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  • Diane Hidy

I Burst Into Tears


I was absolutely fine. At least I thought I was. I'd just finished teaching three successful online lessons in a row to students I adore. Then I burst into tears.


I wasn't with them. I couldn't touch them. I could see them but I couldn't reach them. I was exhausted. I was devastated.


I think it was teaching Charlotte the first Bach Prelude in C Major and not really being able to hear the magic as she first put together those chords and then activated the harmony in sixteenth notes. Or was it just imagining her cooped up for days on end with her big sister? Or knowing that none of us know when it's going to end?


Is it that I've worked my entire life to have a studio I love, set up just the way I want it, stocked full of props and stickers and music and music and more music. Right now that beautiful studio isn't useful to me in any way.


I usually live in San Francisco, but right now I'm sheltering-in-place at my partner's home about sixty miles north of the city in a town whose population is either 109 or 171, depending on which sign you believe. It's tiny. That's why we came here. It seemed smart to be in the smallest, least populated place while trying to ride out a pandemic. Thank goodness we brought a Clavinova up here a few weeks ago so I have a usable digital piano to teach from.


Which is what I'm beginning to do.


I don't want to. I want to be at home with my stuff and my studio and my students. But that isn't my life right now and it isn't anyone's life right now. We are all doing the best we can in difficult circumstances.


I know that I could just say, "Hmm...this isn't what I signed up for. I would like a break. I'll stop for a while."


But that isn't what I want to do. Even though this is hard, really hard, I know that it's the right thing to do.


Here's why I believe that's true.


Music heals. Music soothes. Music expresses that which cannot be expressed in words. At no time in these children's lives have they needed music as much as they need it right now. I may need to hobble together their lessons with technologies like Zoom and FaceTime and who knows what, and sometimes the sessions will break up and I won't have the right scores and they won't be able to hear me. Things will go wrong. It's going to be messy.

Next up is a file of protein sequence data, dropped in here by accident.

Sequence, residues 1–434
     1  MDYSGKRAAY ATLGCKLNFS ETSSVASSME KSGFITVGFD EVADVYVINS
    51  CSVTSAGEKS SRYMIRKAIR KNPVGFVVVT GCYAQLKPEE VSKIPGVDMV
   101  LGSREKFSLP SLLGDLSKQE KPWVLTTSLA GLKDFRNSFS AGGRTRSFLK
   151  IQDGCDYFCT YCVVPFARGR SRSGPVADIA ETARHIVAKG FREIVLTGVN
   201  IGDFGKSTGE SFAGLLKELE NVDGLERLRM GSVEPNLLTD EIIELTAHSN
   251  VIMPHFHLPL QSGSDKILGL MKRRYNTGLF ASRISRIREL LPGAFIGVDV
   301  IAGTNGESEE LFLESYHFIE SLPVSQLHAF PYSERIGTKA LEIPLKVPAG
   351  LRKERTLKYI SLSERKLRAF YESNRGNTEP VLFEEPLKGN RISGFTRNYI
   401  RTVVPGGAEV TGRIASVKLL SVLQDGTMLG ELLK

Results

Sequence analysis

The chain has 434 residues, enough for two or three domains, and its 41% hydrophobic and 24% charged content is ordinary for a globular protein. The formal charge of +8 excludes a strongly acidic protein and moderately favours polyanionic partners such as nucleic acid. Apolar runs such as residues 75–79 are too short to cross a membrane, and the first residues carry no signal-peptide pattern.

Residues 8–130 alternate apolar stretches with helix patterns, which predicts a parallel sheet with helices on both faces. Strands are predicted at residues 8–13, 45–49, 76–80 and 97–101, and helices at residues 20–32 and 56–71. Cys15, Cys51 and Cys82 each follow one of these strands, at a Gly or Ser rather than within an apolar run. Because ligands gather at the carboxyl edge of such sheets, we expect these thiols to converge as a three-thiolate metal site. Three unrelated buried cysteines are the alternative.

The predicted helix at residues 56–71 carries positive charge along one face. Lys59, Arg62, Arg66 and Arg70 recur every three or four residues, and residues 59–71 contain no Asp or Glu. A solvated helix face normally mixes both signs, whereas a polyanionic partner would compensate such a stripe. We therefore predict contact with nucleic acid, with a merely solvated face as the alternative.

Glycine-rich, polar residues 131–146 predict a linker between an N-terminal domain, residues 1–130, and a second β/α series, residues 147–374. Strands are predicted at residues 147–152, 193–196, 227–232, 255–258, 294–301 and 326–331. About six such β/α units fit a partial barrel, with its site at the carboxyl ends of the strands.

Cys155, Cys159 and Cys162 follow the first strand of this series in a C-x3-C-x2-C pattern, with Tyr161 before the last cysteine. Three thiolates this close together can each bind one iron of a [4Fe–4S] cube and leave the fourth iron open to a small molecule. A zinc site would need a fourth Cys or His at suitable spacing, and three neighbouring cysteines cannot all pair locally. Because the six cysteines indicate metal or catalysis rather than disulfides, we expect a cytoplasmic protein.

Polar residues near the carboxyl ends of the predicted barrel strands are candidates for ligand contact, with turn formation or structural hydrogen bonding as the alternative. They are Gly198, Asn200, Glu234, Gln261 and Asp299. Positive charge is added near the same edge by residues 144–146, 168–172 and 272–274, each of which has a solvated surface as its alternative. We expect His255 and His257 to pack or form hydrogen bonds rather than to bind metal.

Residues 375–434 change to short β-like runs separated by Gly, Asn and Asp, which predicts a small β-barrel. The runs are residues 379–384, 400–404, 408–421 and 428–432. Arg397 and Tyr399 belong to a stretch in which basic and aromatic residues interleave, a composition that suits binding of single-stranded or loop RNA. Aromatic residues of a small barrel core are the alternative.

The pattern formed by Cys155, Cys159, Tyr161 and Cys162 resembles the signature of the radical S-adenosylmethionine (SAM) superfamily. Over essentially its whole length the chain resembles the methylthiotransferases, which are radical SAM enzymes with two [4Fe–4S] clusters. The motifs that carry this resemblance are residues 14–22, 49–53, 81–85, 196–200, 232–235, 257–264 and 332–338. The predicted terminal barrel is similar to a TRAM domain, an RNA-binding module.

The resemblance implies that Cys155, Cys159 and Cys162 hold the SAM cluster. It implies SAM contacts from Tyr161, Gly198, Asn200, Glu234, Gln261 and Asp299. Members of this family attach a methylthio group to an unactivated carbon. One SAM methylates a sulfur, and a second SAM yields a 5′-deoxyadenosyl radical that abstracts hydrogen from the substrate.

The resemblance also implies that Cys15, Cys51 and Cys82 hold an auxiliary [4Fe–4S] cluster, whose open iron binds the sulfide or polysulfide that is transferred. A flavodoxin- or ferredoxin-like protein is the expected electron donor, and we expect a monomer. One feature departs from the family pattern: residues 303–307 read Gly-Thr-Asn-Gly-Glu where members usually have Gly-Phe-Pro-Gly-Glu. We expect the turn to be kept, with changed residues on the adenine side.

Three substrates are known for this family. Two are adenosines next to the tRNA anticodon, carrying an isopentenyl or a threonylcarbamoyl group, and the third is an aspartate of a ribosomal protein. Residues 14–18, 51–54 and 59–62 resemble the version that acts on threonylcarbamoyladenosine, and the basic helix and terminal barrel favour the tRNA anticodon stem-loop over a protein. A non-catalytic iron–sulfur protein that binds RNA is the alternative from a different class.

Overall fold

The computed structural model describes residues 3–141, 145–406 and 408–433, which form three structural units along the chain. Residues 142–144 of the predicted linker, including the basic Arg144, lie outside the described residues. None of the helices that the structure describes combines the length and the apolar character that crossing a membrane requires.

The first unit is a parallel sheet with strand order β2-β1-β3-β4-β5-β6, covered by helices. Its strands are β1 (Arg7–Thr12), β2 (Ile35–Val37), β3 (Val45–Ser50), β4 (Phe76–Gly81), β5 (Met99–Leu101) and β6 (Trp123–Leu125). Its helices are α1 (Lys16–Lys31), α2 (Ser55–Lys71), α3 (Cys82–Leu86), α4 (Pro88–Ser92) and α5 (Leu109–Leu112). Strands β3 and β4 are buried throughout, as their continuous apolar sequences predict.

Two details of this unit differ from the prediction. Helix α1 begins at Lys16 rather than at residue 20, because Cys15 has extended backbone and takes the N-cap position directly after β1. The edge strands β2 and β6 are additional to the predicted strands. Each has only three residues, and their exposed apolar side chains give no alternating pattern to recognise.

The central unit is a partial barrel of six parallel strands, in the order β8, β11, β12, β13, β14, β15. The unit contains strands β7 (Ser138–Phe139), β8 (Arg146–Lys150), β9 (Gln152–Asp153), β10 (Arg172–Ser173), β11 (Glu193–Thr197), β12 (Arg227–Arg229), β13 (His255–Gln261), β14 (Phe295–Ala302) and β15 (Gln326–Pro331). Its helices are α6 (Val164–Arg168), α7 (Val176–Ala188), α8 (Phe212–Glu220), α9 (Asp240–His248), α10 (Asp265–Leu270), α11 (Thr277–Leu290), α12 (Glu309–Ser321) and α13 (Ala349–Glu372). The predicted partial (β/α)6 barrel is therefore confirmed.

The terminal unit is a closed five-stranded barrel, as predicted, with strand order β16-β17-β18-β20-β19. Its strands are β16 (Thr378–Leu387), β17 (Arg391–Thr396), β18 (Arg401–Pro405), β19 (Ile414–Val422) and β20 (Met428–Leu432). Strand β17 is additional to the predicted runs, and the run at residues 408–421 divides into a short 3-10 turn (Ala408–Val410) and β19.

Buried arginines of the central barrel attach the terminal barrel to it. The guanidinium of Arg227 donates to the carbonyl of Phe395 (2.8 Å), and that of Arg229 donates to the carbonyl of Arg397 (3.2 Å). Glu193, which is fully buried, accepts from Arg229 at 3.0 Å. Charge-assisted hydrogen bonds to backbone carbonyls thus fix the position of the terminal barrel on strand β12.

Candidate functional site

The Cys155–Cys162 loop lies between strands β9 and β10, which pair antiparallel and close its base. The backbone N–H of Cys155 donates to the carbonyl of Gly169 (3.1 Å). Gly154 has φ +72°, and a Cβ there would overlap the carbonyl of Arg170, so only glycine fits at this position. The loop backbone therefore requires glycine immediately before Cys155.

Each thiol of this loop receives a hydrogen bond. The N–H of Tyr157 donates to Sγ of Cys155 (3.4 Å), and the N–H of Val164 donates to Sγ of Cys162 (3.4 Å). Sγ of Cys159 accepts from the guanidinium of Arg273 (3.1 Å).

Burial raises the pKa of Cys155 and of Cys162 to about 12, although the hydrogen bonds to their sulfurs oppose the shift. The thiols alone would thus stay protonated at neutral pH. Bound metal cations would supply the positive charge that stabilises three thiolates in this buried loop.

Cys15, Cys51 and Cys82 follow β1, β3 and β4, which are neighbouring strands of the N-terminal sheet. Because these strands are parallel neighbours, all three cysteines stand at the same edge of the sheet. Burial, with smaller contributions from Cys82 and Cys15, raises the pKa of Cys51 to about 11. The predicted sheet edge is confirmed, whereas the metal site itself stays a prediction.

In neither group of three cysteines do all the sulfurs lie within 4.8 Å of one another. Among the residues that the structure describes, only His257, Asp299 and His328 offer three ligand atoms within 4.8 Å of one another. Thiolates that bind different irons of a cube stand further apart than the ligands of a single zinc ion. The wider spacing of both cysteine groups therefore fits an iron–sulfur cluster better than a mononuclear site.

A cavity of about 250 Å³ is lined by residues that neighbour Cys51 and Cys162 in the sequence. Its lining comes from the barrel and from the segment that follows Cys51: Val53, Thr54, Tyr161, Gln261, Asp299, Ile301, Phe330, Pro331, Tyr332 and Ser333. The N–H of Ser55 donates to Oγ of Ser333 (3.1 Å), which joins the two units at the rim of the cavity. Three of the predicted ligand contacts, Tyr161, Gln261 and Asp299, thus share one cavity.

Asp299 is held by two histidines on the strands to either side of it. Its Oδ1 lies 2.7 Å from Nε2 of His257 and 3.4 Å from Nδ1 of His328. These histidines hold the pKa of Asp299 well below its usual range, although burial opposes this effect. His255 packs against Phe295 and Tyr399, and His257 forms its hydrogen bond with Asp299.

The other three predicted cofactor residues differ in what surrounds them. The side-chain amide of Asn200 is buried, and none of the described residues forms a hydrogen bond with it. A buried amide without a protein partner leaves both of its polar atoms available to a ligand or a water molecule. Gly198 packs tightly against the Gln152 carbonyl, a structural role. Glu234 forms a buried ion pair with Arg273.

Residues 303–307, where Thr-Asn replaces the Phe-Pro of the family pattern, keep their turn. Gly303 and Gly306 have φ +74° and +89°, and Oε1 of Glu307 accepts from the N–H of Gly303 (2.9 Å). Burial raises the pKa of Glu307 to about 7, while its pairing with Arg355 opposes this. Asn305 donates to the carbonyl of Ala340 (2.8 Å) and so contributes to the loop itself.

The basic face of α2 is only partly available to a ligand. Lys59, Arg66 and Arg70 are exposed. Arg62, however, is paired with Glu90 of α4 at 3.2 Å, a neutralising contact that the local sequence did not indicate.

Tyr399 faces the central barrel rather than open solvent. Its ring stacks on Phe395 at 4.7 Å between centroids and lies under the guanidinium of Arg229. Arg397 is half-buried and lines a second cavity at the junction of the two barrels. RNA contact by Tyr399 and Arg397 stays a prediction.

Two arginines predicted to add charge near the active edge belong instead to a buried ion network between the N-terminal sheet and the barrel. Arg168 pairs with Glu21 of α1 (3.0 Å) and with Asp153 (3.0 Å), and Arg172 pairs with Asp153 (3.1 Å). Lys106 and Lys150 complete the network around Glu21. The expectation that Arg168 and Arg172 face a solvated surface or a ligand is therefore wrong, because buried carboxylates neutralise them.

When things get messy and painful and scary is exactly when music is the only language that's adequate. It's the one we can use to express our frustrations, our dreams and our love for each other.


I don't want to do this. I really don't. But I'm going to suck it up and figure it out. I'm going to write new pieces and puzzle out how to teach music when it feels like I'm starting from scratch. I was in the most comfortable phase of my career. Now I'm suddenly not. I didn't ask for this.


It's important to remember that the kids didn't ask for this either. They didn't ask to be separated from their friends and their school. They don't want to miss their school plays and soccer games and science projects. They're heartbroken to have everything they've been looking forward to cancelled. Everything. And they're cooped up in their homes with their parents who are trying desperately to do everything they did before and also be their child's caregiver and teacher. There's no buffer for anyone.


What can we do?


I can only tell you what I'm doing.


I'm making sure they see my smiling, reliable face. I'm showing up for them in the way they need me to show up. I don't care if their fingering is wonky or if their rhythm isn't perfect. I just want to help them keep making music. They need music right now. More than ever.


We all do.



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© 2019 by Diane Hidy

You'll wonder how you ever taught without this 32-page book. I made these cards for my students to give them plenty of opportunities to practice all the different skills they were acquiring. This series starts with the simplest possible rhythmic patterns on the Landmark notes Middle C, Bass F and Treble G. Each set becomes incrementally more difficult.

Here are a few of the many different ways to use these cards:

  • Encourage students to write in their own fingering. This paves the way for making true fingering choices later on

  • Circle the thirds before starting to read the flashcards. This helps the student focus on the difference between steps and skips.

  • Help your student write in their own staccatos and slurs. Try them out. Talk to them about why they do or don't like them. 

  • Help the student add dynamics and phrase marks.

  • Print these in their entirety and use them as a book.

  • Print them on heavy paper or card stock and cut them into separate cards. Trying sending home a set with a student and ask them to become proficient with each one. At the next lesson, mix them up and play them in random order. It’s a nice combination of preparation and reading.